To keep all working groups small and busy, Field Day was divided into morning and afternoon sessions. CGC (Canine Good Citizen) testing also was offered midday, and this year participants enjoyed a “decadent desserts buffet” at the clubhouse. Field Day is designed to accommodate everyone from true beginner dogs (who have never met a bird) to experienced master hunters. It is mostly divided into groups according to hunting style: Flushing, Pointing, and Retrieving. Group leaders and volunteers include very experienced handlers, hunters, hunt test judges, trainers and gunners. Group activities and individual attention for handlers and dog(s) are based on your training goals for the day: Field Day is set up to be attentive to each dog’s experience and needs, rather than running all dogs through a standard set of drills.

Click on any photo to enlarge it and move through the gallery.

Photos of the Pointing Group sessions, by Carolina Johnson:

Photos of the Retrieving Group working at the water, by Carolina Johnson:

Photos from Tiffany Pfluger:

Photos of the Flushing Group by Lori Taylor:

Photos of the Pointing Group by Michelle Turton

Even more photos from Field Day!

2022 Bird Dog Instinct Clinics

MSDA held Bird Instinct Clinics on Friday March 4th, Saturday March 5th, and Sunday March 6th during the MSDA Spring Event at the Howard County Fairgrounds (West Friendship). For a bird dog with little or no field experience, this was a great way to get started.

This is a fun, relaxed, and encouraging activity. It’s not a test, nor a training session, but more like ultimate playtime for sporting dogs! The clinic includes a brief introductory discussion followed by individual work with each dog and handler. Trainers get the dogs excited about the birds, and then the dogs are able to scent a bird and find a bird, triggering their basic hunting instincts. Clinics are run by AKC hunt test judges and experienced handlers for flushing, pointing, and retrieving breeds.

Some pictures taken at the Instinct Clinic sessions are displayed at the bottom of this page. Click on any photo to enlarge it and move through the entire gallery.

Bryan Sirotkin of BSPhotography also photographed the dogs in the flushing/ retrieving breeds’ field on Sunday afternoon, March 6th. Literally hundreds of his photos of that session are available via https://bsphotography.net/ or access them directly at https://bsphotography.zenfolio.com/p1433405. You will need to enter an email address to view the gallery. Then, click on “Next” and/or “Slideshow” (in the upper right corner of the screen) to move easily through the photos. All photos are available for purchase.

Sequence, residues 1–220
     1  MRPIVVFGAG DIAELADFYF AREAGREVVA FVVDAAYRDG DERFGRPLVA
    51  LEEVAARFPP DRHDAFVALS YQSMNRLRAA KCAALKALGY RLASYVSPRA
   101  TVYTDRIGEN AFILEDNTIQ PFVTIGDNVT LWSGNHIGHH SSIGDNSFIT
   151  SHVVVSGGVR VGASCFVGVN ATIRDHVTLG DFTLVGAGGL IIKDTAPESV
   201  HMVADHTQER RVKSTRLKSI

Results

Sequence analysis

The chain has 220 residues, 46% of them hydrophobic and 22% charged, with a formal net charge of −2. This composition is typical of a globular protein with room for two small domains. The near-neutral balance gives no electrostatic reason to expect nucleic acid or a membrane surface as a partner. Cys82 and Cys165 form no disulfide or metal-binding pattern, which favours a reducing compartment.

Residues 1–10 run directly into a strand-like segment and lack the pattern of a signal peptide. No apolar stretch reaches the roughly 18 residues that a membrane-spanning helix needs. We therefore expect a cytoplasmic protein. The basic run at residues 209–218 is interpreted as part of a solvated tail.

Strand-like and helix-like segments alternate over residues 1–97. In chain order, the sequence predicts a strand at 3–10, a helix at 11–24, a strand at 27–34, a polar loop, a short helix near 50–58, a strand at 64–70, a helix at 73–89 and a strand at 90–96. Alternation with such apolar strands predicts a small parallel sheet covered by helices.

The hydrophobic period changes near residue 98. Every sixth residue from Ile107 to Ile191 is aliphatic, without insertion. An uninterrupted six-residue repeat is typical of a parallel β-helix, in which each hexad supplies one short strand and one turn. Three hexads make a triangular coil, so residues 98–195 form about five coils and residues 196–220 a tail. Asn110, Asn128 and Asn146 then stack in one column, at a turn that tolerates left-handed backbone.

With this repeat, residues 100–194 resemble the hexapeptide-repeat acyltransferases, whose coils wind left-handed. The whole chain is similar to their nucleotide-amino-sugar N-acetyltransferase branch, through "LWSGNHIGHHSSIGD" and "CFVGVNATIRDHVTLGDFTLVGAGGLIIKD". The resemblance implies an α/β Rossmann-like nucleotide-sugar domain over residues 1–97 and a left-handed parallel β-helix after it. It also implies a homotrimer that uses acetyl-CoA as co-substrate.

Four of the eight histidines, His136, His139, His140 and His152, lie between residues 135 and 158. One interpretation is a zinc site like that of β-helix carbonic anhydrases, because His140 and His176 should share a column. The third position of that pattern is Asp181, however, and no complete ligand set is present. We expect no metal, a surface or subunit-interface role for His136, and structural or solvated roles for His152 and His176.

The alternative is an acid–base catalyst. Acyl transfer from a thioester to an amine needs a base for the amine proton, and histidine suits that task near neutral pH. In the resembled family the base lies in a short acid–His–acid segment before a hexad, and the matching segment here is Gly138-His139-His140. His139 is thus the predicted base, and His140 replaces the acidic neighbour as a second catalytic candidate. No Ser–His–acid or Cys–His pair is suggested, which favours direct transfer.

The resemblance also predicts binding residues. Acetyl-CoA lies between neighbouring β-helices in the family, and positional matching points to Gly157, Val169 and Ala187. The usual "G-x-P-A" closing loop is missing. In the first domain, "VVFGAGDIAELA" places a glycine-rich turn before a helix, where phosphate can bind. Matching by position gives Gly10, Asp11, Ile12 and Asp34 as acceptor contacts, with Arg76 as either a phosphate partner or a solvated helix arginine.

Feedback is always very welcome. Please send your comments to Steve Roth at HuntingChair@mdsportingdog.org or Pamela DeSmidt via Secretary@mdsportingdog.org .

2022 photos:

2021 Members’ Open Day

Saturday, September 18, 2021
Rebel Ridge Farms
Elkton MD 21921

Current and prospective MSDA members, their family and guests brought their dogs for an informal day at Rebel Ridge. Rebel Ridge Farms provides more than 250 acres of fields, ponds, and woods as well as a heated and air-conditioned clubhouse. They came out to practice their hunting, field obedience, and retrieving skills, see some experienced dogs in action, or just enjoy the day on this beautiful property.

The only price for attending was a generously-sized potluck lunch dish contribution. On the same day at Rebel Ridge, MSDA was holding a Spaniel Hunting Test. Members’ Open Day potluck dishes, supplemented with purchased items, also provided the day’s lunch for the hunt testers.

Members’ Open Day was very informal. There were no structured activities, though Sally Eck, who leads the Pointing Group at MSDA’s annual springtime Field Day, and Gary Seibel, who leads the Retrieving Group at Field Day, were there and were happy to provide demonstrations, encouragement and advice to others. We hope that everyone had a great time, learned something, and made some new friends.

If you have any questions about Members’ Open Day or have any follow-up comments, please contact the Event Chair Pamela DeSmidt (Secretary@mdsportingdog.org).

Upland Dog Fundamentals Workshop June 19-20, 2021

Spaniels were originally bred to hunt, find, and flush upland game out of their hiding places – pointers and setters did the pointing, and retrievers did the retrieving. Today’s upland dogs are expected to hunt, find, point or flush, be steady to wing and shot, and reliably retrieve or respectfully honor another dog’s retrieve.

MSDA was pleased to hold a late-June training workshop led by professional trainer/handler Jordan Horak. Jordan is an accomplished upland dog professional trainer and handler, winner of both the National Open and National Amateur Cocker Championships, and the inventor of the Cato Board placeboard (named after his English Cocker Spaniel).

The workshop was held on Saturday June 19 and Sunday June 20 at Thornhill Farm in Woodbine, MD. A limited number of private lessons were available on Monday, June 21. Eleven working teams (dog + handler), as well as auditors, participated.